Abstract: During the 2007/2008 global economic crisis, market liquidity became an important issue both on the field of theoretical finance and in practice. In theory market liquidity is usually being modeled with price impact functions. In this study we show how the price impact function can be estimated from order book data. Our estimation is based on the Budapest Liquidity Measure (BLM) which is a liquidity measure that captures the transaction cost nature of liquidity. The main outcome of this paper is a method with which market participants can easily estimate price impact functions. This is of major importance, as the price impact function can be a useful tool during a dynamic portfolio optimization process. The price impact functions can help investors in their trading decisions.
    Keywords: market liquidity; price impact function; liquidity measure
    JEL: G14 G11
    Date: 2012
  4. By: Pablo Su\'arez-Garc\'ia; David G\'omez-Ullate
    Abstract: In this paper we perform a statistical analysis of the high-frequency returns of the IBEX35 Madrid stock exchange index. We find that its probability distribution seems to be stable over different time scales, a stylized fact observed in many different financial time series. However, an in-depth analysis of the data using maximum likelihood estimation and different goodness-of-fit tests rejects the L\'evy-stable law as a plausible underlying probabilistic model. The analysis shows that the Normal Inverse Gaussian distribution provides an overall fit for the data better than any of the other subclasses of the family of the Generalized Hyperbolic distributions and certainly much better than the L\'evy-stable laws. Furthermore, the right (resp. left) tail of the distribution seems to follow a power-law with exponent \alpha=4.60 (resp. \alpha =4.28). Finally, we present evidence that the observed stability is due to temporal correlations or non-stationarities of the data.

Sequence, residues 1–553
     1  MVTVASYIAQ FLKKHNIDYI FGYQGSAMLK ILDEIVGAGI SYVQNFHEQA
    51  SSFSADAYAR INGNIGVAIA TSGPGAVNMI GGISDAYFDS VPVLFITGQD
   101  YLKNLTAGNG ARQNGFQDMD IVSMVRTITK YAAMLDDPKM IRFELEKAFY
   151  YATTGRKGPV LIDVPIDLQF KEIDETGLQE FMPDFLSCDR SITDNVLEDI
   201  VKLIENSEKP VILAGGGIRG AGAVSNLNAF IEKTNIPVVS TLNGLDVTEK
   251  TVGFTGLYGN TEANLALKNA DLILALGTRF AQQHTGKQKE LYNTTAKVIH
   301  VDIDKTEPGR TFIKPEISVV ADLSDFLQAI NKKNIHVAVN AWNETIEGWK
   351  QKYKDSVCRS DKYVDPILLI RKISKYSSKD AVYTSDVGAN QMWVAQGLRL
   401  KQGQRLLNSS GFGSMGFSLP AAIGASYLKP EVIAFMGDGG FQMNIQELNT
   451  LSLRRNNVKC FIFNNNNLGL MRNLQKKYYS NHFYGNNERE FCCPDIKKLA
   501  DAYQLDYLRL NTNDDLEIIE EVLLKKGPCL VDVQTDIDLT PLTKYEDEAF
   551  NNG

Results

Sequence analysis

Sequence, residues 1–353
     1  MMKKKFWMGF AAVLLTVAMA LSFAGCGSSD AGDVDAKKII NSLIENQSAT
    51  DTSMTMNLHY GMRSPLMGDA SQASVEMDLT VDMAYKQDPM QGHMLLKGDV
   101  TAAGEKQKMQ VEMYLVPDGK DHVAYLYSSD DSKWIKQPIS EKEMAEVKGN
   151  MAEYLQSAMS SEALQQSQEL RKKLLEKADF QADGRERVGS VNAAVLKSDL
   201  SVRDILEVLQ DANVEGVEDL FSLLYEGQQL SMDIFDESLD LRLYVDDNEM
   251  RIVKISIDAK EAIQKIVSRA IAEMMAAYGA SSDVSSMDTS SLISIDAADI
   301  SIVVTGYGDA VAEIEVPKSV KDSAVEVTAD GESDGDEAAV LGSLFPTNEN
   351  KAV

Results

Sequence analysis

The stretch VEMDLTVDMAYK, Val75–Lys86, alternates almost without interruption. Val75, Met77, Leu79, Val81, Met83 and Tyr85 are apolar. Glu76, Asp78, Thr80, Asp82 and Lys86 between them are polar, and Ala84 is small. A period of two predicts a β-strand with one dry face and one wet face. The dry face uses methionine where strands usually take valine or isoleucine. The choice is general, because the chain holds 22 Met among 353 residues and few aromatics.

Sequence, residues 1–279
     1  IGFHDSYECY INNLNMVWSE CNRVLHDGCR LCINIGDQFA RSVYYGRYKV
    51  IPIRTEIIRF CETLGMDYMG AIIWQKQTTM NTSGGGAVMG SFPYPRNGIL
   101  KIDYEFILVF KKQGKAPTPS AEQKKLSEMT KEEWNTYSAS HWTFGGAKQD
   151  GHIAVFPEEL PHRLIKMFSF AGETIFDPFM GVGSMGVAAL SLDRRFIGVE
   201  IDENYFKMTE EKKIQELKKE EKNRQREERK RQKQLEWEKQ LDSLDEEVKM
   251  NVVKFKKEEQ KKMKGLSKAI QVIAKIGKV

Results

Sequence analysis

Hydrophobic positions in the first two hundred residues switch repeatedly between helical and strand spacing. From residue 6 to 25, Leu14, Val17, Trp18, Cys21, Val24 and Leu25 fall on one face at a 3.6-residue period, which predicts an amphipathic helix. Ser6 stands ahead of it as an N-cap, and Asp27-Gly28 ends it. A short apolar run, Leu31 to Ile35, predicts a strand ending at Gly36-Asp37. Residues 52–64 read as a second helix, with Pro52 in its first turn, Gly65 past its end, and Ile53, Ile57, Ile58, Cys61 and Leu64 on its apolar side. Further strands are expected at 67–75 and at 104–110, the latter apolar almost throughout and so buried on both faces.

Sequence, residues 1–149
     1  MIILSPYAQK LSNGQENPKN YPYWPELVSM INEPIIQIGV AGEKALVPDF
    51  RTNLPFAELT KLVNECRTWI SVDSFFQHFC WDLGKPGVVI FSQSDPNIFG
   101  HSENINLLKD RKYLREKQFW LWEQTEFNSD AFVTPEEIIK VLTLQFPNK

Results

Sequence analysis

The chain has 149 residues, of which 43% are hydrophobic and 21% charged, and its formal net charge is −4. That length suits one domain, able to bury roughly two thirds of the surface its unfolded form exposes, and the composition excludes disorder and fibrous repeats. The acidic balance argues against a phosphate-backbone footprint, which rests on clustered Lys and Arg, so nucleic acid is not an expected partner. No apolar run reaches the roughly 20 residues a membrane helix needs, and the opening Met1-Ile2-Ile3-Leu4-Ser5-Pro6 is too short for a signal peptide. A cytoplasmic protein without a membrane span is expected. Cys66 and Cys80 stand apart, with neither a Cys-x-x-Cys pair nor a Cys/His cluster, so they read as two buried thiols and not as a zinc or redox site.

Date: 2012–08
  5. By: Kirill Vaninsky; Stepan Myzuchka; Alexander Lukov
    Abstract: We introduce and treat rigorously a new multi-agent model of the limit order book. Our model is designed to explain a behavior of the market when new information a?ecting the market arrives. Our model has two major features. First, it constitutes a nonlinear Markov process. Second, it has two additional parameters which we call slow parameters. These parameters measure mood of two groups of investors, namely, bulls and bears. We explain the intuition behind the equations and present numerical simulations which show that behavior of the model is similar to the behavior of the real market.
    Date: 2012–08

This issue is ©2012 by Thanos Verousis. It is provided as is without any express or implied warranty. It may be freely redistributed in whole or in part for any purpose. If distributed in part, please include this notice.
General information on the NEP project can be found at For comments please write to the director of NEP, Marco Novarese at <>. Put “NEP” in the subject, otherwise your mail may be rejected.
NEP’s infrastructure is sponsored by the School of Economics and Finance of Massey University in New Zealand.